2018: A Year of Defining Uncertainty

What do you do when your boss decides you should write a “crystal ball” blog about the upcoming year? Well, if you’re anything like me, you procrastinate until something strikes you. The predictions that follow aren’t necessarily going to tell you what to expect next year; rather, they will describe why 2018 will be characterized by large industry-wide disruptions in markets facing uncertainty. The direction of these events will define content distribution and viewership trends in the coming years. As such, there are three core dynamics we’re watching: the merger and acquisitions climate, mobile carrier’s impact on video distribution, and the influence of artificial intelligence on content discovery and viewer engagement.

2018's M&A climate is red hot, driven by a pro-big business GOP in control of Capitol Hill, and declining traditional business models in Hollywood and the pay-TV industries. This sets the stage for a year shaped by mergers and acquisitions, yet not quite the previously expected light touch approval process. The buyers, largely mobile carriers and Silicon Valley tech giants, are looking to gobble up content to flank their positions and aspire to new levels of scale. As such, there could very well be a triple play of consolidation in the movie industry.

Leading the charge, the AT&T-Warner Bros. merger, initially thought to pass through scrutiny due to being vertical in nature, remains in limbo with pending culmination in early 2018. Approval would bring together mobile carrier, pay-TV, and content assets, although it remains to be seen what, if any, concessions will get this deal past the Department of Justice. If thwarted, Silicon Valley giants such as Apple, Amazon, or Facebook, with cash heavy balance sheets, will likely swoop back into Hollywood. Indeed, they may very well do so anyway, as one is bound to find the right movie studio asset, be it Warner, Lions Gate, or another major content producer. Amidst these dealings, the marriage of FOX and Disney may be on a fast track. Disney is set to accumulate FOX studios, home video, cable networks, and their stake in joint ventures such as Hulu. Behind the deal is a strategy to consolidate content assets and thrive in the streaming era by building a market share leading movie studio coupled with TV network, sports, and most importantly, digital distribution assets positioned to take on the likes of Netflix.

Let’s be clear, the TV is here to stay as the staple of home entertainment, yet mobile represents a growth engine that, if executed well, will further change the construct of content creation, distribution, and advertising. An increasing number of direct-to-mobile opportunities are beginning to surface that are opening up new advertising and distribution channels to reach, and expand, audiences. For example, Snap already partnered with NBC, ESPN, NFL, ABC, BBC, A+E, Discovery, Turner, Vice, CBS, and others to produce original content that extends existing franchises and creates new ones. Coupled with 10-second vertical ad spots, these new mid-length form (~10 minute) videos offer creative ways to expand an audience. And the ship is already sailing for some content distributors, such as Viacom, who are staffing a 100+ person unit to take advantage of new direct-to-mobile opportunities such as this.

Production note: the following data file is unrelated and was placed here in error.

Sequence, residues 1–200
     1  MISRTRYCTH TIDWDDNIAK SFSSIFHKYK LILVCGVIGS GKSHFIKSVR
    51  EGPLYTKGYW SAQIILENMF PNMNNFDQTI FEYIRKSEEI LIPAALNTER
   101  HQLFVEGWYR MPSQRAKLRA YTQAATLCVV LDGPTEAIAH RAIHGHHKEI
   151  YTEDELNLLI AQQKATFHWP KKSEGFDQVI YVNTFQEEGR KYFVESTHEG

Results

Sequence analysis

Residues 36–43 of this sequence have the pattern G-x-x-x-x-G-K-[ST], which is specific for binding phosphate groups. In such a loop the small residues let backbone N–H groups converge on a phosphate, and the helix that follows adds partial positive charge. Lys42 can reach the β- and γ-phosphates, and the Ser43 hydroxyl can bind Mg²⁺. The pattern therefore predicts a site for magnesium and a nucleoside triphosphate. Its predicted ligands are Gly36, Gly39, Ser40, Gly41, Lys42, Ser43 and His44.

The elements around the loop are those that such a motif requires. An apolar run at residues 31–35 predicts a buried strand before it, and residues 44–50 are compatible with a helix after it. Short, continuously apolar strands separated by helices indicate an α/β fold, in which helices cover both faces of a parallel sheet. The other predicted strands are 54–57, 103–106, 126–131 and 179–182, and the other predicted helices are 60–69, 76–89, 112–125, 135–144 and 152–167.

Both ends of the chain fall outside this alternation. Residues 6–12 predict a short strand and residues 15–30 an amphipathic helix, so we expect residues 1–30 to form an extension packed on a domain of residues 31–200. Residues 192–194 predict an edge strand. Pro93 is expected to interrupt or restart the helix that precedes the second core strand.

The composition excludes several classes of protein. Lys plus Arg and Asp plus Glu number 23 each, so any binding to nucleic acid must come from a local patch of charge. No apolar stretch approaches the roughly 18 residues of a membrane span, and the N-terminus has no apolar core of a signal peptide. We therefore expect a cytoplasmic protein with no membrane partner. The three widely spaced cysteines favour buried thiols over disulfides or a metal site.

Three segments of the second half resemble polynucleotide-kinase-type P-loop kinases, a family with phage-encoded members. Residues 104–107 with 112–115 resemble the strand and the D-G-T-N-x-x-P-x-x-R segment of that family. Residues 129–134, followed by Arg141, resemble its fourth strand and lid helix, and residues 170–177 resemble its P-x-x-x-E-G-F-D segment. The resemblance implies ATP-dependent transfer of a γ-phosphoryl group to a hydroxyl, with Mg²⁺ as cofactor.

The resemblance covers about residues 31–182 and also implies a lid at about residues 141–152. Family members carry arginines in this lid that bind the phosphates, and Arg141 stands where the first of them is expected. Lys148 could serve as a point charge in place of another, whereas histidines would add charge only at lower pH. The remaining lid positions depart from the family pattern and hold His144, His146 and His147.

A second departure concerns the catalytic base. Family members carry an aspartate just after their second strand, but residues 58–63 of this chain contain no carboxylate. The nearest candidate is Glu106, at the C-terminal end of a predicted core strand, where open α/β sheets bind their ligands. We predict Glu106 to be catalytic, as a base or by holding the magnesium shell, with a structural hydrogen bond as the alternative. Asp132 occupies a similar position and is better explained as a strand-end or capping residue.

With the migration to a mobile focus, the distribution burden falls more heavily on carriers who control the pipes and consumer relationships. Yet there remains uncertainty as to how effectively they will be able to integrate mobile and content assets in a manner that grabs viewer attention. Will T-Mobile be able to integrate Layer3 and become a player in TV without unraveling the un-carrier? Will AT&T successfully migrate DirecTV Now to 4K without streaming latency on a platform whose technical infrastructure struggles to keep up with subscriber growth and surge viewing? Will Verizon actually get into the streaming TV business in a way that differentiates from the growing list of virtual MVPDs? Ultimately, will consumers discover the new direct-to-mobile programming and that’s about to release across social media platforms?

These investments have little meaning if the viewer doesn’t find the programming. It’s no longer as simple as organizing channel groups on a cable set top box, as viewer attention is drawn from Netflix to Snapchat and Amazon Prime. This coming year will be the one where discovery defines success or failure. This is where voice assistants or rather their artificial intelligence, has the potential to be the next disruptive discovery tool. Telling Alexa to fast forward a video is cool, but the real game changer will come if and when digital assistants can keep viewers in front of the TV longer or get them to next cool video on Facebook. Voice control is the gateway, but true artificial intelligence is the future as today’s basic functionality must wow users enough to encourage exploration of more advanced discovery capabilities on the horizon.